Similarly, the tribes of the Andaman and Nicobar archipelago follow a traditional lifestyle which is eco-friendly, much before the phrase sustainable living was even coined. Out of these, the tribes of the Andaman Islands, namely the Jarawas, Great Andamanese, Onge and Sentinelese are believed to be residing here for upto 55,000 years. The Sentinelese of the North Sentinel Island are hunter-gatherers, who catch local seafood such as crabs and molluscan shells, which form a great part of their diet. Even the Jarawas of the Middle and South Andaman Islands depend a lot on meat and seafood for their sustenance. But they also use the forest for resources and know in what quantity they should use them, giving the forest the time to replenish and leaving it for other animals as well.
Inspiring indigenous practices
Similarly, the traditional practices of indigenous people also give us a peep into how sustainable living has been practised since a long time. The inhabitants of Chizami village in Nagaland’s Phek district have a population of nearly 2,500 out of which 80% are into agrarian livelihoods. Here, the indigenous people have been performing a balanced farming system comprising shifting cultivation, Wet Terrace Rice Cultivation and kitchen gardening. Historically, millets have played a huge role in their agrarian society and consequently on their diet as well due to it being one of the staple crops in Phek. Due to the cultivation of a variety of millets, the various crop fields result in a self-sustaining and climate-resilient system.
[Fun fact: In Phek’s Sumi village, according to folklore millet (Etsübe) is the elder brother of the female paddy (Erübe), and millets have been harvested and eaten before paddy.]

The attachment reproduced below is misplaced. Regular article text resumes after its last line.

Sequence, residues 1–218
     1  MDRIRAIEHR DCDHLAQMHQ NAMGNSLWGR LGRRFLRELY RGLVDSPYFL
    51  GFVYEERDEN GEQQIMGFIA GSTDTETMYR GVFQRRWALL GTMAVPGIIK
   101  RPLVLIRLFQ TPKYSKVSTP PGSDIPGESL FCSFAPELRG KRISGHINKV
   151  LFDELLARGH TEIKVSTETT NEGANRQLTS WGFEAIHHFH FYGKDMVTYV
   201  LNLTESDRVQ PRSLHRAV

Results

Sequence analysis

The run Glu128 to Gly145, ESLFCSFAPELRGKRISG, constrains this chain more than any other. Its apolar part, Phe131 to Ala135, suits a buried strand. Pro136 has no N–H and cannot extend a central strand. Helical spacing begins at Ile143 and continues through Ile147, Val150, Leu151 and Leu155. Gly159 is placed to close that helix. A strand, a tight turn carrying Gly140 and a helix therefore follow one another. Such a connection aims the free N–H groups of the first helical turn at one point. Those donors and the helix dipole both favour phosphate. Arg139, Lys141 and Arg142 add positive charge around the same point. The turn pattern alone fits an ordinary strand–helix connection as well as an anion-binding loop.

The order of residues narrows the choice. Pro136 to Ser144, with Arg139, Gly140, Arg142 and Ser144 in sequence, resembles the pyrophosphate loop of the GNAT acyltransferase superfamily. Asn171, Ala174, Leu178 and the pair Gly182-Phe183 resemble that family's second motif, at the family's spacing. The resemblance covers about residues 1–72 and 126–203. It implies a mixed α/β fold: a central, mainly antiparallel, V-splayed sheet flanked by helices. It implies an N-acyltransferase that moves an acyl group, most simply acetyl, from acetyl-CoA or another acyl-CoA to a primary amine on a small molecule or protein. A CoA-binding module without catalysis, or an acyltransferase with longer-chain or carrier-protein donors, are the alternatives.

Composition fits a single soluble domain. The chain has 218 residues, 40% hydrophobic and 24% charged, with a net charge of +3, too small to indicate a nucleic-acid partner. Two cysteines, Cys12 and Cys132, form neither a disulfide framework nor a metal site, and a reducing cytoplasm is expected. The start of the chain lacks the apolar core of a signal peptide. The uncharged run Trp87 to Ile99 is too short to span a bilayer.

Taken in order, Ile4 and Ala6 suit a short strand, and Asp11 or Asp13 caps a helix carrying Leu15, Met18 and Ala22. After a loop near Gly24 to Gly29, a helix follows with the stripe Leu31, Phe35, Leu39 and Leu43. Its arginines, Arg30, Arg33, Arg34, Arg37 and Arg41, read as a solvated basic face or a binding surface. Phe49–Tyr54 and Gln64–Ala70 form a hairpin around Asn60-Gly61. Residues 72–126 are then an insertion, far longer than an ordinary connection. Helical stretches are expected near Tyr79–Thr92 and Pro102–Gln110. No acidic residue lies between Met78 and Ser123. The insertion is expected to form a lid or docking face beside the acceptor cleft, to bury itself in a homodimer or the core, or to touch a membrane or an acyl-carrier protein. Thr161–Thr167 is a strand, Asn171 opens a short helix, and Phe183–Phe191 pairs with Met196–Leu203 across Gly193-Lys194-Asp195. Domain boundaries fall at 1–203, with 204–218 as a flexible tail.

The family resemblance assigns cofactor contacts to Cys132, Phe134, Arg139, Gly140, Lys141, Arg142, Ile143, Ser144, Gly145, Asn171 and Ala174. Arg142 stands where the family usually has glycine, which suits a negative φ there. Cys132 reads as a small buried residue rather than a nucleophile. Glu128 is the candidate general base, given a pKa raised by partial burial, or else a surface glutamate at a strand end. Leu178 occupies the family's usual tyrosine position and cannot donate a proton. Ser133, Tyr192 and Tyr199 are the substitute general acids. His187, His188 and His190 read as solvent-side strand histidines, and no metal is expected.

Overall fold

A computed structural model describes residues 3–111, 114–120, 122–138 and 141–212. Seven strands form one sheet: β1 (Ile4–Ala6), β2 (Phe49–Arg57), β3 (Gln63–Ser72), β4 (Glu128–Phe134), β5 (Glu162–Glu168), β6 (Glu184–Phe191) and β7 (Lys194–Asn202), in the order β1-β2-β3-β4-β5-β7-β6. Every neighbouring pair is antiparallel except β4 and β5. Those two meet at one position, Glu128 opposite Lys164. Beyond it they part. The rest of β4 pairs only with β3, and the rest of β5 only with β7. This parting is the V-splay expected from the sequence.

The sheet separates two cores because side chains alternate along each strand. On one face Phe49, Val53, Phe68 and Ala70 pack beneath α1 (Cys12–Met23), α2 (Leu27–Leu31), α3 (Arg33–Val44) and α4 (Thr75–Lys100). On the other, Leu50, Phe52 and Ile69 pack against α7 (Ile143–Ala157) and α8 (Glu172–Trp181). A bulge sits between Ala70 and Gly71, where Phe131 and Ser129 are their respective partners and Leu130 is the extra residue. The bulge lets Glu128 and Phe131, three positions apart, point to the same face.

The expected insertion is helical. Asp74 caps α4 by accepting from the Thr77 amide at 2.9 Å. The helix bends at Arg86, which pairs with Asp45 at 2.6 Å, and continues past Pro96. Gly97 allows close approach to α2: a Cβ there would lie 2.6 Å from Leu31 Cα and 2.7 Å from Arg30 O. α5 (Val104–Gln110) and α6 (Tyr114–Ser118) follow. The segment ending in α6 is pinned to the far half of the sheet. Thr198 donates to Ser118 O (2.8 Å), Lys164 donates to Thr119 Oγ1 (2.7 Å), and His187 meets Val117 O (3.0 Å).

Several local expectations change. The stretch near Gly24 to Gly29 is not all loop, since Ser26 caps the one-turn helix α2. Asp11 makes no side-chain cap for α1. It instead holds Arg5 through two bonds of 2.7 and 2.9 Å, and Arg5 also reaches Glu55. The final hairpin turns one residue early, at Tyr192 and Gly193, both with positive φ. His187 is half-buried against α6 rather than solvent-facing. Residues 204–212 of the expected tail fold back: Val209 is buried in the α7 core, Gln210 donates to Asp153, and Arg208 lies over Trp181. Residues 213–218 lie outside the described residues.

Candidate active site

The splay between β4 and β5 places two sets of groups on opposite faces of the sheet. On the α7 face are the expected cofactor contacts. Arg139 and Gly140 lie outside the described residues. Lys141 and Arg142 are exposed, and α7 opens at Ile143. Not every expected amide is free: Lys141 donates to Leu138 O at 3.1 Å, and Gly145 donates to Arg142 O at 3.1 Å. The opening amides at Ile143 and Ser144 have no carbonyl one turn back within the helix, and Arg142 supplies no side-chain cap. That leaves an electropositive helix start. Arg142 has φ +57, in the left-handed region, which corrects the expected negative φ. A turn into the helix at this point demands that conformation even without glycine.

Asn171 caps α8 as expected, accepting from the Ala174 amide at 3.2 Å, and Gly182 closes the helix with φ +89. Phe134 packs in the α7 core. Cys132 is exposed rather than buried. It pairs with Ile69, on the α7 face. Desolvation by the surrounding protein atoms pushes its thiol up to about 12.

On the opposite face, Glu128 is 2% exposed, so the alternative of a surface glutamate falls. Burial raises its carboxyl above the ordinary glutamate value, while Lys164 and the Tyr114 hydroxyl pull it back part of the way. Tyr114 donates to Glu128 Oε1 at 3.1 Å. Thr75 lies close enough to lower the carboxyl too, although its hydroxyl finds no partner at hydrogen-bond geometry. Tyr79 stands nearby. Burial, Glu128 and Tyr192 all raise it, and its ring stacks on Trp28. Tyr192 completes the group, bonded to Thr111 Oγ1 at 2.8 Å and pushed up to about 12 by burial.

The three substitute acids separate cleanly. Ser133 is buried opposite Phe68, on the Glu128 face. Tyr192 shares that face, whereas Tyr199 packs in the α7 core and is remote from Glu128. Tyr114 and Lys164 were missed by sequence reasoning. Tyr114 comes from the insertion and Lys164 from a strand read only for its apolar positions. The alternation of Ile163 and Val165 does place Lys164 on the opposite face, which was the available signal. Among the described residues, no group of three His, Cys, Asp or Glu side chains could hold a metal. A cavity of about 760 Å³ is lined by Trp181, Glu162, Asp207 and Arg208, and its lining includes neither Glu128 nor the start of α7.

In north Sikkim’s Lachen and Lachung valley, the Lachenpas and Lachungpas follow their own system of self-governance due to the remoteness of their location, located at over 2,700 m above sea level. This system is known as the ‘Dzumsa’ (meaning ‘meeting place’) and can be described as a community-based administration to govern the lives of people belonging to these indigenous groups. Due to the harsh conditions of this cold desert climate, people here know how to utilise their resources such as preserving livestock meat and collecting wild herbs and plants for various uses. The word waste probably doesn’t even have a place in their vernacular because it is extremely difficult to procure resources that one needs to sustain oneself, but all of this is again done in harmony with nature.
Sustainable living, inspired by these remarkable traditional ways of life should become an idée fixe and inculcated in us, so that as a society we do not indulge in any kind of practice which has been harming nature for so many years as a result of a lack of vision. These traditional practices not only teach us how to follow a lifestyle which is environmentally friendly, but also help instil a sense of trust and respect for nature.
So the question we should ask ourselves and find the answer to is, do we finally know how to live the right way?